Deathtrap is the second show in Wyndham Theatre Company’s 2013 season and its Russian doll-like layers of twists within twists make for an entertaining, if sometimes difficult, show.
Sidney Bruhl (Ron Fenton) is a famous playwright, living with his wife Myra (Renee Roccuzzo), amongst the spoils of a successful career penning thrillers and murder mysteries. Despite that success, however, Sidney is unable to rest on his laurels. He yearns for another hit to put him back on top, but his recent attempts at writing have yielded nothing but ever-diminishing returns. Hope arrives in the form of a manuscript, titled coincidentally, 'Deathtrap’ written by Clifford Anderson (Carl Reeson), one of Sidney's former workshop students. Clifford's play is bottled thespianic lightning, a phenomenal first effort from a kid who’s only ever worshipped Sidney, so much so that he eagerly accepts Sidney's invitation to his house to work on developing ‘Deathtrap’. Sidney, whose career has been made concocting twisted and macabre plots, can't help but dwell on the boost to his career if he was able to publish Clifford’s play under his name, not to mention what would have to happen to Clifford for that to occur. Myra already suffering from a weak heart, now has to endure the strain of watching her husband's ever-unsettling hypothetical scheme move from the world of fiction to one far more frighteningly real.
For a show that begins mid-action - just as Sidney has finished reading Clifford's manuscript – Deathtrap took a little while to get going. Like an engine turning over in the cold, it was a few minutes into the opening scene before things finally started sparking and running smooth. Alas, that humdrum smoothness seemed to last almost through the entire play, the pace a steady heartbeat. Thankfully, Roccuzzo’s stellar performance as Myra. Kim Cody's hilarious turn as psychic neighbour Helga, and Warrick Smith mixing things up (not just his drinks) in a lovely cameo as Porter, the fast-talking lawyer, made things more compelling to watch. lt's just that for the most part, scenes never rose above a polite canter.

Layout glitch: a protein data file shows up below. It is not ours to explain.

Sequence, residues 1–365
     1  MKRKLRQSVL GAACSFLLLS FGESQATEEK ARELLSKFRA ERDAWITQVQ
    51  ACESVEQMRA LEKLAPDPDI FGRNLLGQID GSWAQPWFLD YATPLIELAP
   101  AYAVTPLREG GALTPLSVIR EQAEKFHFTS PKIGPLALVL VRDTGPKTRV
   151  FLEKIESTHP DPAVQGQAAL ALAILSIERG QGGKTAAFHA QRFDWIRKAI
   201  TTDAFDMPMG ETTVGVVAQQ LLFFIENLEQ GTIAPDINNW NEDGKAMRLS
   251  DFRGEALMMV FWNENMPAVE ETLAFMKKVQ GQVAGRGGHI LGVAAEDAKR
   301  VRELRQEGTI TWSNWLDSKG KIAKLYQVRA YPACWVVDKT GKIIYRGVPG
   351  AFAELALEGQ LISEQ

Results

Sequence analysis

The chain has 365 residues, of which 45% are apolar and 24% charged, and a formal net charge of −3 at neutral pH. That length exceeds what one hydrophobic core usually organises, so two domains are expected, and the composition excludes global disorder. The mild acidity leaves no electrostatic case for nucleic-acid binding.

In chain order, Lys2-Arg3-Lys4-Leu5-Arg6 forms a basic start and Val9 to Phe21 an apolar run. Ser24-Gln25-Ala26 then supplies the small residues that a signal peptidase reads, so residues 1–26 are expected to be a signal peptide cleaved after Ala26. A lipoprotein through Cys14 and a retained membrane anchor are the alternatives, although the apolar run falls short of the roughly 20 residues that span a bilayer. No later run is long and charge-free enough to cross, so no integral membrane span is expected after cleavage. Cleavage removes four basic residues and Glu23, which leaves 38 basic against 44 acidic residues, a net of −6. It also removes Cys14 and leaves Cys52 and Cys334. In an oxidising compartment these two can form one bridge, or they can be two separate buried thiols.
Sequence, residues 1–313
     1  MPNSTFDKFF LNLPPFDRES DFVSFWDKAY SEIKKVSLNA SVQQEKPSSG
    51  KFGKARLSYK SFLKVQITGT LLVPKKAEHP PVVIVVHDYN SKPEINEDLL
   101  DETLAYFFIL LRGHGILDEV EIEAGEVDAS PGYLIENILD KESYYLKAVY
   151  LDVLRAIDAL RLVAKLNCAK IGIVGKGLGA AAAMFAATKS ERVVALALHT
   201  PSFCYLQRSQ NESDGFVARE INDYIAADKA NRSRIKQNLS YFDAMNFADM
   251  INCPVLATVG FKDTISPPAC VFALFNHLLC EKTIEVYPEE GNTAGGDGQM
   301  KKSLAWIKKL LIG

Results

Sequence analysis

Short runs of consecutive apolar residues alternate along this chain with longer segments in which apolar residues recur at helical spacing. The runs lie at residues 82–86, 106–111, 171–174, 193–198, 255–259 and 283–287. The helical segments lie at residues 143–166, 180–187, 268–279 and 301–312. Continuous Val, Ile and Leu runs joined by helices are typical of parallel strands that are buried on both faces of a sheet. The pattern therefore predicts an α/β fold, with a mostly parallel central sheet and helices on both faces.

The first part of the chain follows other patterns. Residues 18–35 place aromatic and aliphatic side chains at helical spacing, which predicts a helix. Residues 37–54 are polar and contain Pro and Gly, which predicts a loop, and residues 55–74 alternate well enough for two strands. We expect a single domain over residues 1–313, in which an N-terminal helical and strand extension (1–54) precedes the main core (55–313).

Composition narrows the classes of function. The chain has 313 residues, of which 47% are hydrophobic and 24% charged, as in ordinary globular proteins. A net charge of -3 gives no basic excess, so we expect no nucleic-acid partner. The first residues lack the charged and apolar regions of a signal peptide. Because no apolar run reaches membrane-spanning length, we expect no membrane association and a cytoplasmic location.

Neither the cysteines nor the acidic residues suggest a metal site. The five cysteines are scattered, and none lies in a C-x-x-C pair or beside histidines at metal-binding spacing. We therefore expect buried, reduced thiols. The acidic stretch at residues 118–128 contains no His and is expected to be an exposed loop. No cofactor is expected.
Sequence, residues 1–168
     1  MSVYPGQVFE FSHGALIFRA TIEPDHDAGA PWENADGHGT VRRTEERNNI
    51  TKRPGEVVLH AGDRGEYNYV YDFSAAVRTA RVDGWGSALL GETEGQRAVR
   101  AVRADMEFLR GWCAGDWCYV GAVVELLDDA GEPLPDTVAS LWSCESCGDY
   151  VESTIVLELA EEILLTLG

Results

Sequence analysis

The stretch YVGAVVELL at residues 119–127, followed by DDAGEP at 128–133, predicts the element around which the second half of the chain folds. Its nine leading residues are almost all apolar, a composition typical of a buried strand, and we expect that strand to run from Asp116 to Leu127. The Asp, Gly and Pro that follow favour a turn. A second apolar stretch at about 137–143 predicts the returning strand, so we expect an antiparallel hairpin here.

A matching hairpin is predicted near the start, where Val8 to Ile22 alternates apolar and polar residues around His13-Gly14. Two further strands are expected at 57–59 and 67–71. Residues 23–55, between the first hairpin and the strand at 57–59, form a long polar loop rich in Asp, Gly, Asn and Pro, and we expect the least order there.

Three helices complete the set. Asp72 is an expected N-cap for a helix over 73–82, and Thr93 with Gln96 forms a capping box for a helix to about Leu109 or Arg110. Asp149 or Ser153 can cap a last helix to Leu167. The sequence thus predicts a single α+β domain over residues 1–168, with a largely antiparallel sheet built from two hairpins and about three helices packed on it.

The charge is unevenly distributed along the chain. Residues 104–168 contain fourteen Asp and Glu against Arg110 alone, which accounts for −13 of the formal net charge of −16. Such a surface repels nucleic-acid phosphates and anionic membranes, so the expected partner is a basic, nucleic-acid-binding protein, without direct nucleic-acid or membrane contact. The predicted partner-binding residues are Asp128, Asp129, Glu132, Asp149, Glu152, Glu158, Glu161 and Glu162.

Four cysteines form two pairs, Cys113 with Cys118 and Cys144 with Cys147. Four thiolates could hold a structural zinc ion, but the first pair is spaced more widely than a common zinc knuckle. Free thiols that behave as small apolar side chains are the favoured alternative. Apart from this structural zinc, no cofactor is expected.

That said, the script isn't an easy one to handle. Fenton, juggling the directing duties along with the lead role, and Reeson do their darnedest with what is a very dialogue-heavy text. lt requires a lot of heft, which our two male leads take to with gusto: Fenton with Sidney's careful, narrow-eyed plotting, and Reeson with the fervour in Clifford’s worship of his literary hero. Unfortunately, hampered by the pace, our two male leads are sometimes reduced to melodrama, generating mood through menacing scowls and loud voices. lnstead of safe choices (such as the one to hide most of the salacious stuff upstage), you'd rather they made more interesting ones. The audience is told things are tense rather than feeling it for themselves. Alan Thompson has built a fantastic set, littered with the detritus you could believe a character like Sidney would accumulate. Masquerade masks that wouldn't be out of place in Eyes Wide Shut, an array of weapons in ominous pride of place against the back wall- it's a space so convincing you'd think Damien Hurst had sliced a real life horror writer's room in half. The action on stage was supported by an effective sound and lighting design, although l'm uncertain if those lights should flicker at literally every sound and tremble of thunder during the storm scenes. Regardless of the production’s too few subtleties, acting and directing is a difficult thing to do at the best of times. For a first time in the director s chair, Ron Fenton (and the team at WTC) should be commended for what is a brave undertaking. You only wish a little more of that bravery and risk-taking had ended up in the final product.